Facebook Pixel

The Differences in Dementia Cases with the Involvement of Diabetes

Rate This

Dementia is a serious neurological disorder that affects the elderly. ]]>MedlinePlus, a service of the U.S. National Library and the National Institutes of Health]]>, points out that dementia rarely occurs in people under the age of 60. Dementia affects multiple functions, such as memory, judgment, language and thinking. The disorder can also affect a patient's personality. Dementia becomes progressively worse over time. For example, the memory problems from the disorder can progress to a point in which the patient cannot recognize her family anymore.

One type of dementia is vascular dementia, which the ]]>MayoClinic.com]]> notes affects one to four percent of people ages 65 and over. Vascular dementia has two common causes. The first is a blockage of the blood vessels in the patient's brain, a condition that can cause a stroke. Vascular dementia can also result from a narrowing of the blood vessels. The narrower blood vessels do not allow enough oxygen to reach the brain. A brain hemorrhage that results in brain damage or very low blood pressure can also cause vascular dementia. The ]]>MayoClinic.com]]> explains that patients with temporal arteritis or lupus erythematosus may have blood vessel damage, which can result in vascular dementia.

Vascular dementia can cause symptoms other than memory and thinking problems. For example, the ]]>MayoClinic.com notes that patients can have an unsteady gait and night wandering. Patients can become agitated or depressed. Urinary problems can develop, such as urinary urgency, urinary frequency and urinary incontinence.]]>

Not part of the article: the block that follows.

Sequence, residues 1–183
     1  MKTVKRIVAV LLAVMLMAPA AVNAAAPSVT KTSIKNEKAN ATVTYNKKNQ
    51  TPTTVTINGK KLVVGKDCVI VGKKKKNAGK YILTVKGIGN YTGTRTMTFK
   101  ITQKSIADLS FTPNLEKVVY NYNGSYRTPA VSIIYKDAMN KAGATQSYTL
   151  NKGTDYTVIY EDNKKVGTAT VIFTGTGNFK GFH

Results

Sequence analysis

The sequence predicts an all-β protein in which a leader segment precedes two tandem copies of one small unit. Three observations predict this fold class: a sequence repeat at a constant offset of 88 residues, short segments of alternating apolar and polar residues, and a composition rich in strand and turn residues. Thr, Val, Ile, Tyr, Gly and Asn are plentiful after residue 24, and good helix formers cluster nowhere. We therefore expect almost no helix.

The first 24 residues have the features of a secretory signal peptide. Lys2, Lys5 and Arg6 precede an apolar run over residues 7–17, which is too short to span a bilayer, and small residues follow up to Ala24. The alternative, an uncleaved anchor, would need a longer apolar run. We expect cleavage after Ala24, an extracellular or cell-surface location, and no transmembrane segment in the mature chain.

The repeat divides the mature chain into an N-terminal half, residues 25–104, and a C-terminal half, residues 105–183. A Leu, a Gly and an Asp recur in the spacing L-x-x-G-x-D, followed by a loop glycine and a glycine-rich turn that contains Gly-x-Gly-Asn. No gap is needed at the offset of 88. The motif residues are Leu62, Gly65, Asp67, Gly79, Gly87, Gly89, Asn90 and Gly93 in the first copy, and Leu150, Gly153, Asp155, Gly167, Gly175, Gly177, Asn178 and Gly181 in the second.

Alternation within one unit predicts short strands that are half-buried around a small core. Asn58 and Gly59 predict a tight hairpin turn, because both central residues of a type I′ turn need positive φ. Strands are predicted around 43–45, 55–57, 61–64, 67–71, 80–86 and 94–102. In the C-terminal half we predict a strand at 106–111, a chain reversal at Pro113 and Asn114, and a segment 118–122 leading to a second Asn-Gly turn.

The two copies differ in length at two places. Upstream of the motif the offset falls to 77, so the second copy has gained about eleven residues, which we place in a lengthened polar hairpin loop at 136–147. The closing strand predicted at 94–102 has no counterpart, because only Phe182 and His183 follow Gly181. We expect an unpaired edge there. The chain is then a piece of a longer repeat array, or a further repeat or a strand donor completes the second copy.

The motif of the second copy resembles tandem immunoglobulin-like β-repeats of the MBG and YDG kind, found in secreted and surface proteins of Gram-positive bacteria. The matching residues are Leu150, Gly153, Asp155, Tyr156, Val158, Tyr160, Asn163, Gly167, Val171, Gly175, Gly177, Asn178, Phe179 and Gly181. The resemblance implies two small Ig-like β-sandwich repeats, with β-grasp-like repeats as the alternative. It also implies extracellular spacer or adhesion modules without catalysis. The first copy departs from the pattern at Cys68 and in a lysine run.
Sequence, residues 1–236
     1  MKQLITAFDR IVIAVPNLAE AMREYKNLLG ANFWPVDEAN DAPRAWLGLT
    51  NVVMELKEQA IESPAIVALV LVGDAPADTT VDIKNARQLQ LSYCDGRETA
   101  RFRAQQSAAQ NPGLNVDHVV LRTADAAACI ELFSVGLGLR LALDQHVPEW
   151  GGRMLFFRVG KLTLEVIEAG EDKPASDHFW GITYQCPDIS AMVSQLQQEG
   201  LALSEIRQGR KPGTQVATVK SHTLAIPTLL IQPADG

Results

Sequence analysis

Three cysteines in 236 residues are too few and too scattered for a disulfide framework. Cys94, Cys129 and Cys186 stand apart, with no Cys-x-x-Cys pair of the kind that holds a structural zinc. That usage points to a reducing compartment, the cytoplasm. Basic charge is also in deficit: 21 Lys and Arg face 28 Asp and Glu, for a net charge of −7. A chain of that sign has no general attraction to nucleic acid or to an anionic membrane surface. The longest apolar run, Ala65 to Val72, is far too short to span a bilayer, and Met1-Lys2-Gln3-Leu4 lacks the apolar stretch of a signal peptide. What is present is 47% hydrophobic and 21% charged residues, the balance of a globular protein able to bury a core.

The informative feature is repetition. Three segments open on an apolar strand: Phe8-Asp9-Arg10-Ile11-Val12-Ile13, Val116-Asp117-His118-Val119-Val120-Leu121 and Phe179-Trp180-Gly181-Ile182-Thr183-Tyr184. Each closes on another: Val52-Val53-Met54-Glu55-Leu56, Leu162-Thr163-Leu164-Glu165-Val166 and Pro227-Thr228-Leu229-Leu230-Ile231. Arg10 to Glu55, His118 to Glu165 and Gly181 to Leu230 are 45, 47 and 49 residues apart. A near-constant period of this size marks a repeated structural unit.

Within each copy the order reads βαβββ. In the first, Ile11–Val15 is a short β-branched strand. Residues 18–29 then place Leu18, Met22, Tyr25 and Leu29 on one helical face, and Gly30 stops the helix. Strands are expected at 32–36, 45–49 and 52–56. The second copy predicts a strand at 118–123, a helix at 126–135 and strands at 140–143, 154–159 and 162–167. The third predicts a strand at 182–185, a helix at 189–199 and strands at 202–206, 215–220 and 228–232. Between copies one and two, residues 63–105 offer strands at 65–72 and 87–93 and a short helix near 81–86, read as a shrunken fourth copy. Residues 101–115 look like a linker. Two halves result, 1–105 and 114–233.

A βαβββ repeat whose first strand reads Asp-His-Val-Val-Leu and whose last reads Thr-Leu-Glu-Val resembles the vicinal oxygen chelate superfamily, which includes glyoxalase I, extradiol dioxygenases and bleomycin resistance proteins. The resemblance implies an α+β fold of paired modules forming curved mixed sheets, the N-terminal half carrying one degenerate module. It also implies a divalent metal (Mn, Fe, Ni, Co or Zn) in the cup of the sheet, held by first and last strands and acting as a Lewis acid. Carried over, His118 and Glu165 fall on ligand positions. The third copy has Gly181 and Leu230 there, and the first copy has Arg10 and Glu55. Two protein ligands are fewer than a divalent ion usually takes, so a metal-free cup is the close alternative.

A new study conducted at the Mayo Clinic and the University of California, San Francisco, notes that vascular disease can cause dementia in some diabetes patients.

Add a CommentComments

There are no comments yet. Be the first one and get the conversation started!

Enter the characters shown in the image.
By submitting this form, you agree to EmpowHER's terms of service and privacy policy

We value and respect our HERWriters' experiences, but everyone is different. Many of our writers are speaking from personal experience, and what's worked for them may not work for you. Their articles are not a substitute for medical advice, although we hope you can gain knowledge from their insight.


Get Email Updates

Dementia Guide

Have a question? We're here to help. Ask the Community.


Health Newsletter

Receive the latest and greatest in women's health and wellness from EmpowHER - for free!